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This article was published 21/4/2009 (4130 days ago), so information in it may no longer be current.
The release announced that automated teller machines (ATMs) were finally going to be installed in the McPhillips Street Station casino.
It may not seem like much of an announcement, but this is an issue with a fascinating history.
Up until last week, neither provincial casinos in Winnipeg had ATMs on site, although cash machines are located in hotels beside each facility.
Five years ago, when Lotteries suggested ATMs should be located closer to the actual gambling, a controversy erupted. Academics, addiction experts and opposition MLAs argued that making problem gamblers walk a short distance to replenish their cash allowed them a chance to reconsider. Easier access to cash machines would only make it easier for addicts to feed their habits.
That argument held sway right up until last week, when Lotteries and the province reversed course.
Their argument has remained the same. Lotteries says patrons who had to leave McPhillips Street Station to walk to the hotel were being hassled by panhandlers. Some have been robbed or assaulted. Lotteries also noted that every other casino in Canada, including two First Nation casinos in Manitoba, have ATMs on site.
As for the argument that the short walk to the hotel machines helped problem gamblers clear their heads, Lotteries said enough is being done through responsible gaming education to help those people help themselves.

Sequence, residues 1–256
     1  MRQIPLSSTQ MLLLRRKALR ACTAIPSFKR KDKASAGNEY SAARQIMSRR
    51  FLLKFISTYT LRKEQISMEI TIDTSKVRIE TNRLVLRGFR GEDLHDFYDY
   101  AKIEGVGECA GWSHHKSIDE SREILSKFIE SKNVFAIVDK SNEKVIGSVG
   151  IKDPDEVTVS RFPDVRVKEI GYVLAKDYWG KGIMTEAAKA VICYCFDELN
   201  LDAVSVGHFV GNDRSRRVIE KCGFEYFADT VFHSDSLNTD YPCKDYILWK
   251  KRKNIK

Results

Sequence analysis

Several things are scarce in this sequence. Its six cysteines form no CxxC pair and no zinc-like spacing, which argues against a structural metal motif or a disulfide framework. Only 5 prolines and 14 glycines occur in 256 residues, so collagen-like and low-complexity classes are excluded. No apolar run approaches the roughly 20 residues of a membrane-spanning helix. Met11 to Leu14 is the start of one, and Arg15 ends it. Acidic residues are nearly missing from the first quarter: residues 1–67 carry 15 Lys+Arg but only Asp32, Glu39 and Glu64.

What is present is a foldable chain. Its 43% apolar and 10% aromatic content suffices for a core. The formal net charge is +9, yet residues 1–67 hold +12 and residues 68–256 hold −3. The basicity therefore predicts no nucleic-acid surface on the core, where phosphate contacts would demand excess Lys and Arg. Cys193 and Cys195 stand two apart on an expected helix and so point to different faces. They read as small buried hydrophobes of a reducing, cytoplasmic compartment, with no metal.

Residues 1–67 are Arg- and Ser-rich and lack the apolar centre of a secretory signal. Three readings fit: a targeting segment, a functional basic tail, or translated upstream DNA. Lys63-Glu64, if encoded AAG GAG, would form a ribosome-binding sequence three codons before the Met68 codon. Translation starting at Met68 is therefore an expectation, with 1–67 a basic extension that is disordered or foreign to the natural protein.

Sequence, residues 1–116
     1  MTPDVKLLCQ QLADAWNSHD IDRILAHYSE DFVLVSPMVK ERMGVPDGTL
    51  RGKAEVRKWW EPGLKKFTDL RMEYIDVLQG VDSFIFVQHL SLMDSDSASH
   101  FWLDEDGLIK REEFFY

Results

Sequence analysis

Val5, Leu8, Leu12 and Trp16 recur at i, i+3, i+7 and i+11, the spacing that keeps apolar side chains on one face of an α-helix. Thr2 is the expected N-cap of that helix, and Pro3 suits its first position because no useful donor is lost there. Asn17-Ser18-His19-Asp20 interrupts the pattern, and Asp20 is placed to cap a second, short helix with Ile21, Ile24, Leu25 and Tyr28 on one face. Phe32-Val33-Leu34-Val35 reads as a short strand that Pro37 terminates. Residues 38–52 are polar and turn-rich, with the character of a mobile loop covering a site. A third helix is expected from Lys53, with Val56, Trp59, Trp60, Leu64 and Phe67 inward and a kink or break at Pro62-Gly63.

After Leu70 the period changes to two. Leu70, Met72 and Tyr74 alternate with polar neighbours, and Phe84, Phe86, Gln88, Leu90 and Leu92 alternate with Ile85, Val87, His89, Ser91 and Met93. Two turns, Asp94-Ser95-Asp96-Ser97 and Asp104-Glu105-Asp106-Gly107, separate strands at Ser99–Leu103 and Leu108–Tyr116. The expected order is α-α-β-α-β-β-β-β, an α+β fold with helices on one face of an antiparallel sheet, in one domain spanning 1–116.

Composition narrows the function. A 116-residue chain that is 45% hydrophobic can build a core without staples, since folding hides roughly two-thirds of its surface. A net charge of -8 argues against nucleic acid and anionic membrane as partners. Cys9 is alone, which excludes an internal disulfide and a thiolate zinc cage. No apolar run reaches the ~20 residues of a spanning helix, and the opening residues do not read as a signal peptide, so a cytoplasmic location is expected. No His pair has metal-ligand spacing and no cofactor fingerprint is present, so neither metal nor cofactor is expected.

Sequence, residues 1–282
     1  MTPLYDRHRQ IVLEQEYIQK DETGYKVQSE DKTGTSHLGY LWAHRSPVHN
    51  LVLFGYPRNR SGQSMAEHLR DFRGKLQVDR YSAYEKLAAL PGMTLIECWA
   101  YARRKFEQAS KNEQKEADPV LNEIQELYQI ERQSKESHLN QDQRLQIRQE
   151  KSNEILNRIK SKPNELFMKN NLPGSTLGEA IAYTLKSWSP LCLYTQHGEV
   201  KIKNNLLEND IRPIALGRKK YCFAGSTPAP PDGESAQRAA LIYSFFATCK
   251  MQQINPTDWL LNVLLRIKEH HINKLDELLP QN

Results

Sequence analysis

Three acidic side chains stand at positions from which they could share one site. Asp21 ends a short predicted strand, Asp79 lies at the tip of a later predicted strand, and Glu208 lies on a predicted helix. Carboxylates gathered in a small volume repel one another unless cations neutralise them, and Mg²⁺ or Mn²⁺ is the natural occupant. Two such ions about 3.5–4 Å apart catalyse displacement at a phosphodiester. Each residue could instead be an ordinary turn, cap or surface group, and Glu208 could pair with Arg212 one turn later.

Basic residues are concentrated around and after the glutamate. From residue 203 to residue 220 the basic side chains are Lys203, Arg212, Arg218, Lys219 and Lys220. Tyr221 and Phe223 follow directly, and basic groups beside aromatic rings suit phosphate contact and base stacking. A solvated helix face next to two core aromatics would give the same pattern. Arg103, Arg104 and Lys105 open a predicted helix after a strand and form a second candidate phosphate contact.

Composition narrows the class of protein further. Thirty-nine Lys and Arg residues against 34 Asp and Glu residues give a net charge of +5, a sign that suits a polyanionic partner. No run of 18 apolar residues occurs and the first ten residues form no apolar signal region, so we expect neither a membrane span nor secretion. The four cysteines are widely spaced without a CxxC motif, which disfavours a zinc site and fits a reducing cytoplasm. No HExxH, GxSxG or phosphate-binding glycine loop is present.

At first blush, the on-site ATM issue seems like a non-issue. But in this case, the real story is not the installation of ATMs at a government-owned casino. The issue here is the province's decision to put convenience ahead of responsible gaming.
This is not a significant expansion of gambling services. However, some critics such as Tory Leader Hugh McFadyen believe it sends the wrong signal. "It's one more incremental step in the wrong direction."
Lotteries and its political masters have always justified enhancements or expansion of gaming by pointing to the extensive programs aimed at combatting problem gambling. There are TV advertisements and billboards. The province funds counselling and there are kiosks in each of the two casinos with information about responsible gambling. There are also specially trained staff in each facility to spot the red flags of gambling addiction.
Unfortunately, these efforts are mostly a farce. Staff isn't allowed to eject a problem gambler, no matter how many red flags they raise. While you can be barred from a casino for taking a swing at someone, you cannot be barred for being an addict. That's because gambling is only profitable for the house if you go beyond what you can afford to lose.
Social marketing rarely works because few people are willing to admit they have a problem. The weakness of the province's methodology is obvious: Manitoba boasts among the highest rates of problem gambling in Canada.
The reason the province flip-flopped is also obvious: Lotteries generates nearly $300 million a year -- money that goes into general revenues to support worthy government initiatives.
That kind of money persuaded the former Tory government of premier Gary Filmon to massively expand Manitoba's supply of video lottery terminals, despite the fact they are the most insidious, most addictive form of gambling.
The NDP opposition in the 1990s took pleasure in lambasting Filmon for using gambling to boost revenues.
For now, we have the worst of all worlds. We have two provincial casinos, two First Nation casinos, an extensive inventory of VLTs and a Crown gaming concern that is dedicated to offering patrons easier access to cash, all in a province that boasts among the highest rates of problem gaming. Now that sounds like a winning hand.
Born and raised in and around Toronto, Dan Lett came to Winnipeg in 1986, less than a year out of journalism school with a lifelong dream to be a newspaper reporter.
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